Gary K. Clabaugh
Professor Emeritus of Education, La Salle University
23 October 2016
School reform efforts typically employ key terms that are vague and undefined. Consider the late unlamented “No Child Left Behind Act” of 2001. What exactly did “left behind” mean? That was conveniently obscure. Though by implication it meant any child, including special education students and non-English speakers, who failed to pass high stakes tests in math and reading.
Who established such a mindless definition? It was an unholy amalgam of crafty politicians, federal and state bureaucrats and professional test makers. All of whom were far, far removed from the realities of the classroom.
Historically learners had always had at least some responsibility for learning. But this “reform” placed the entire burden on educators. Even youngsters who adamantly refused to learn had no responsibility for failing. They were victims, who had carelessly, even callously, been “left behind.”
I once heard a youngster defiantly tell a teacher: “You aint gonna teach me shit.” Was he being “left behind," or willfully refusing to get on board? Youngsters like this young man were not a rarity then nor are they now. Nevertheless, the NCLB Act placed 100% of the responsibility for learning on the shoulders of his teachers. How did such a one-sided arrangement ever become reality? Well, for one thing the defintion of “left behind” was rarely discussed openly. It was buried in a mound of detail.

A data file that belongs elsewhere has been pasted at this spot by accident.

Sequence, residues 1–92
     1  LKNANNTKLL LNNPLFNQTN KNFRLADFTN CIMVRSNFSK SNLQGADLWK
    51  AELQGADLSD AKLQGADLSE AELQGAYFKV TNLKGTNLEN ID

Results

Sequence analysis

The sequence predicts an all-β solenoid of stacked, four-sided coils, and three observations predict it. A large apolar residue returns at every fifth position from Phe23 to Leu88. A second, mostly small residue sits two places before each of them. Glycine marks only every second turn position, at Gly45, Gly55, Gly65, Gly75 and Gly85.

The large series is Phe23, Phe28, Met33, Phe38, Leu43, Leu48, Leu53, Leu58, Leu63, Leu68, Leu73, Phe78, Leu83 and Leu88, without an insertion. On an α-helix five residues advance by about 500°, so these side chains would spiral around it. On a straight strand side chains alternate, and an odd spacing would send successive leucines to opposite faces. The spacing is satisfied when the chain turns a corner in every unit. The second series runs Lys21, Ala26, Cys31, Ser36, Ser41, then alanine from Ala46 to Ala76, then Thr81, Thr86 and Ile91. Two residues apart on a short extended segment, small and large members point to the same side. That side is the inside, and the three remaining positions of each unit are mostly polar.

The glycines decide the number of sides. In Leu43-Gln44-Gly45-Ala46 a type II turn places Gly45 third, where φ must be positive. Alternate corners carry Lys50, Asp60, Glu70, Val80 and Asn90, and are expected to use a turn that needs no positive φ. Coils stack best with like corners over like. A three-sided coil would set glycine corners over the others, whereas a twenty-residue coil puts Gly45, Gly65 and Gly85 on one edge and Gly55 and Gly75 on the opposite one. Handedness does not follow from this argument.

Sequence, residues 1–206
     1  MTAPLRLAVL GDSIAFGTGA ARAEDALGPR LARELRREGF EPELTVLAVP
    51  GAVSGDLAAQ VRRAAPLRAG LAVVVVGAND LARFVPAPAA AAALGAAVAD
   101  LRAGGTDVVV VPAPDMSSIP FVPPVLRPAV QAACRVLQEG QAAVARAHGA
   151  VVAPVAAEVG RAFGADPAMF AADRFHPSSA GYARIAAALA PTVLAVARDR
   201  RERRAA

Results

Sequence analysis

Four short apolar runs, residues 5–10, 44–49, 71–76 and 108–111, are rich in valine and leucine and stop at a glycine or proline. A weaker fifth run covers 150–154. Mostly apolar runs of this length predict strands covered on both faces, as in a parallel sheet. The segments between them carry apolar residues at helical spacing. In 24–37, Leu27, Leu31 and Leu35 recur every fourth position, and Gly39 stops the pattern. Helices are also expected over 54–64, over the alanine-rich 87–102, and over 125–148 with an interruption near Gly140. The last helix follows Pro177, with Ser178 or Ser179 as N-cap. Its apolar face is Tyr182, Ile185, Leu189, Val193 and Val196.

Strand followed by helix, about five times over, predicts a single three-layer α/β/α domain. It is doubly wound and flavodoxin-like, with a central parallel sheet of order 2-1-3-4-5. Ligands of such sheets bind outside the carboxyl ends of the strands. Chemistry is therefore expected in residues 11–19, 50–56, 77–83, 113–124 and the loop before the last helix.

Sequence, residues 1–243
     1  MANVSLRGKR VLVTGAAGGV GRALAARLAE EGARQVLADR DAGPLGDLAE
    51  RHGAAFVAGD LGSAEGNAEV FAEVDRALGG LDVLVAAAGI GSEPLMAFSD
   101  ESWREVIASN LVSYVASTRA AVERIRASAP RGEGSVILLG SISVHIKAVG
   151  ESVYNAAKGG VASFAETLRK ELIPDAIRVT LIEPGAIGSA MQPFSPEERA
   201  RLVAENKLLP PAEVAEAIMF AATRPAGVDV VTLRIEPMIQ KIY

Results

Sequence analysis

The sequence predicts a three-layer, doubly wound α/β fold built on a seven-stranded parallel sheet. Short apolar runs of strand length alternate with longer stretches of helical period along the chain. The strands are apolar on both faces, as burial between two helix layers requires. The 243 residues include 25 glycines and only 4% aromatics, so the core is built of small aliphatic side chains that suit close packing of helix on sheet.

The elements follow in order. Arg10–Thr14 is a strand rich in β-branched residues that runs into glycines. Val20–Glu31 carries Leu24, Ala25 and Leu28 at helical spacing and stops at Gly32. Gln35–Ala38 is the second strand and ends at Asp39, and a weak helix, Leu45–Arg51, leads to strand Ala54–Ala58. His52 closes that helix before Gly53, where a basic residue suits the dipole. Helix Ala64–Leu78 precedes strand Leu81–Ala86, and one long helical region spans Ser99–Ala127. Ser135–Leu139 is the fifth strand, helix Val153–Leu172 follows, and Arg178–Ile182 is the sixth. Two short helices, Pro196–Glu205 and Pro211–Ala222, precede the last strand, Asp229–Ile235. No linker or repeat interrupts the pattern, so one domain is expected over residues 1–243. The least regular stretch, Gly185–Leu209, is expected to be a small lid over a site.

Slogans are useful if we want to establish a broad but very shallow consensus among people of varied interests. That is why they’re employed in harmless ceremonial situations such as marriage, awards, ship christenings, building dedications, funerals, and so forth. They create the momentary solidarity necessary for common celebration. But it is an entirely different matter when slogans are used to sucker voters, justify wars or, as in this case, sneak entirely unrealistic education “reforms” goals into law.
So what will the next generation of presently gestating “reforms” produce? If past is prologue, they will produce nothing but distraction, wasted time and superfluous effort on the part of frontline educators. But at least they will provide protective cover for wily politicians and busy work for a lot of otherwise largely useless bureaucrats.